"I think that if we lose sight of the fact that we are all still human, it creates a challenge," Hiipakka said. "Fundamentally, all of these things are enablers to help us be more productive, to do different things, to have different life experiences. If we put the tech in front, we might lose sight of the fact that this is going to help us all be more productive and happier and, maybe, live a different life than we have lived before."
What's not working in learning tech right now?
Overall, there has been an overselling of the cloud, Manning said. Employees may be currently going back and forth between a lot of cloud applications that have different interfaces — not great for productivity.
The cloud did allow learning technologies to become more widely adopted and to have more innovation, but that innovation has partially led to a plateau, Manning said. Employees essentially get stuck not doing their actual work; they are doing digital transactions and digital tasks for the company, but not serving the customer.
What's next for learning technology?
McFeely was enthusiastic about augmented reality training and virtual reality training becoming more widespread. Right now, he said, such training is being used in "pockets," such as Boeing and NASA and for training for police officers and pilots. As that tech becomes cheaper and more widely used, McFeely said, it could become integrated in some places that aren't "quite so high stakes," such as assessment centers.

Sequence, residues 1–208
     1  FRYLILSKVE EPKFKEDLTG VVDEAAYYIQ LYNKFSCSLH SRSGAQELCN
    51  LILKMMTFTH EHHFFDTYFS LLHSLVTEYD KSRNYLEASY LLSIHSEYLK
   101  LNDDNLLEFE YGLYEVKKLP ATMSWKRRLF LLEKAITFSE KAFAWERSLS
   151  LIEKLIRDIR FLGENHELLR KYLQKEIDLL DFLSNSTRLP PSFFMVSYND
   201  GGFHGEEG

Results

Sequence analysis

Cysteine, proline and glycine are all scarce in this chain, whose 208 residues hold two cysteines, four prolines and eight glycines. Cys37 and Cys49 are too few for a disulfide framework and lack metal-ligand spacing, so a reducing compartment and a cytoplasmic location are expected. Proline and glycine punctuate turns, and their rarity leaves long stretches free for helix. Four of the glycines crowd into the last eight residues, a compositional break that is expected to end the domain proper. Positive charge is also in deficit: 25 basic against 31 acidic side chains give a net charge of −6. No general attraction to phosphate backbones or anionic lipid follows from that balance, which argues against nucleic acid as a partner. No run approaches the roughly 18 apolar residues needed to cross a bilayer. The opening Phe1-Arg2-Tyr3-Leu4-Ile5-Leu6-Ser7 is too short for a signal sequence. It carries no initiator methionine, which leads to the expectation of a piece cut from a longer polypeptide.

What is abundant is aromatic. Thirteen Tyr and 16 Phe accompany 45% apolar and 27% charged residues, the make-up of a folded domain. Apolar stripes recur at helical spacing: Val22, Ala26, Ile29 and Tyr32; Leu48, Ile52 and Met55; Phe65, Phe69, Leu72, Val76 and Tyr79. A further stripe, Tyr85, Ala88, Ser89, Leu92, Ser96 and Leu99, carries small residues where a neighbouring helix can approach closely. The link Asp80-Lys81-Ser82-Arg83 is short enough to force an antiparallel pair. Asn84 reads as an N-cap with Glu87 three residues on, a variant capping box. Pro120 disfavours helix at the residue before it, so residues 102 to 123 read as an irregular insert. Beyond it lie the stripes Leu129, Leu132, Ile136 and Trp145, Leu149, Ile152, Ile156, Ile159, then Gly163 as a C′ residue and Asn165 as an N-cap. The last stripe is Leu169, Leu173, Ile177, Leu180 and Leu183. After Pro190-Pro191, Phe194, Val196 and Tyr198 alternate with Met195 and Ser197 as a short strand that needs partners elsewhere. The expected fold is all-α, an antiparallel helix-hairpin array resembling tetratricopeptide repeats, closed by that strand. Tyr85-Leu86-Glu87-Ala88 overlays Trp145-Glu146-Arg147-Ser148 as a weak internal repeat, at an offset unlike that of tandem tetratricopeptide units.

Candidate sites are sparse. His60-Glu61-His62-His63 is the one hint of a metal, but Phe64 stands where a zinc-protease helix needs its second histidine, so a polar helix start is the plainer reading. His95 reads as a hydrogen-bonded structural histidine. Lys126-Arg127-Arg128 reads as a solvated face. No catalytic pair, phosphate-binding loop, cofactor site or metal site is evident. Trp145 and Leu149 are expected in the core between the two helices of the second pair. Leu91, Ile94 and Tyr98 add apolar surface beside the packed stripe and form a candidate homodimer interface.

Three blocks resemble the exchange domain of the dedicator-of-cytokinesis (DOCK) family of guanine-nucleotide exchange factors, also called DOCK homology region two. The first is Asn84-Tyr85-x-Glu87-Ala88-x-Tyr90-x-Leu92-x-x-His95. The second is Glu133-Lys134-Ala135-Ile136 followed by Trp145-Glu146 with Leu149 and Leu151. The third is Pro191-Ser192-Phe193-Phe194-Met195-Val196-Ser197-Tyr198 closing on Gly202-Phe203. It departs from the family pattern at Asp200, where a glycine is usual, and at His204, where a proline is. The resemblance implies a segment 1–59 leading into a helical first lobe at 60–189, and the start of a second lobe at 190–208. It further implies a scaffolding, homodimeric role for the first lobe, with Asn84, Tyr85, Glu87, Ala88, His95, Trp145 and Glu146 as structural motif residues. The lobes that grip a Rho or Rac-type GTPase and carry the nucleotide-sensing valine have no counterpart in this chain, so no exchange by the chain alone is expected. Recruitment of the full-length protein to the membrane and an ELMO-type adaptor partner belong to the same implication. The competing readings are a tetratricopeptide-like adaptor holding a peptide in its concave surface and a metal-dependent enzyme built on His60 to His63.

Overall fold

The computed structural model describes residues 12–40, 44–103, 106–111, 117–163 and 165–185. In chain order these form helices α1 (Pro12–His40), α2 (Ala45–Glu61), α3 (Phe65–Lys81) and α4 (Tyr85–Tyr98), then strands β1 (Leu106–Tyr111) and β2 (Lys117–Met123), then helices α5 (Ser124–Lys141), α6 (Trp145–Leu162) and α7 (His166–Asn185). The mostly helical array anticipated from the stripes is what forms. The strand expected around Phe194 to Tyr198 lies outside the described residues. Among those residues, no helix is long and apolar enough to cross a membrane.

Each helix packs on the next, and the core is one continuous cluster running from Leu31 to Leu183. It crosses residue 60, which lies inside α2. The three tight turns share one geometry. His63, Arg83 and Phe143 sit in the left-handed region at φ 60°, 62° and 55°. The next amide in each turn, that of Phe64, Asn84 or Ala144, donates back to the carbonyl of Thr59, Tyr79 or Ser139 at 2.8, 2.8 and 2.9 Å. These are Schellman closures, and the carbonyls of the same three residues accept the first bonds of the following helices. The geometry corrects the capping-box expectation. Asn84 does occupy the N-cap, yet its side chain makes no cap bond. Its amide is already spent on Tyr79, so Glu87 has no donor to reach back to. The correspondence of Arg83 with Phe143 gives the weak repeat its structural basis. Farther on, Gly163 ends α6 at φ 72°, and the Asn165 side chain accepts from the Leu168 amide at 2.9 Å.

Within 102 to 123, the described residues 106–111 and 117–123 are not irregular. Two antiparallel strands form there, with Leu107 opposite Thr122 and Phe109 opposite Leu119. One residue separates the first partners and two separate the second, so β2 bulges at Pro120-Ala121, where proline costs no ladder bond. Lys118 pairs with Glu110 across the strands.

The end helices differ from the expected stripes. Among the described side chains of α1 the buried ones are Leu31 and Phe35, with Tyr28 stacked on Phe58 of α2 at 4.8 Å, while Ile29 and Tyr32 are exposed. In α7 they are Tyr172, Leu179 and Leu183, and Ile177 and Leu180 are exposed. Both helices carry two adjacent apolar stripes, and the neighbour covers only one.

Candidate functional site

There's a lot of talk about embedding learning in the flow of work, Manning said. But, a lot of the applications have different interfaces and so, "a little bit more maturity" is needed, she added.
What are some best practices learning professionals right now?
It's good to focus on the purpose of the training and not be enamored of the technology, McFeely said. Also, he said, make sure that the content, the mode and the worker's needs are aligned. Some content is better taught in a traditional course and through human interaction and discussion: some things can't be put into microlearning. You probably don't want to learn calculus in a microlearning environment, McFeely said.
The worker-centric perspective also has to prevail, Hiipakka said, and there are several points that need to be addressed:
- Consider: How are you making it easy for workers to do their jobs?
- Focus on thinking less about content and courses and curricula and a lot more about how you are working with your business to create an organization that learns all the time.
- Use data and share information with workers so they understand how they are performing in a variety of ways.
- Examine mindset. How do you encourage risk taking? How do you use mistakes as learning opportunities? How do you advocate as a learning professional and an HR leader? These are some of the key areas to be thinking about, Hiipakka said.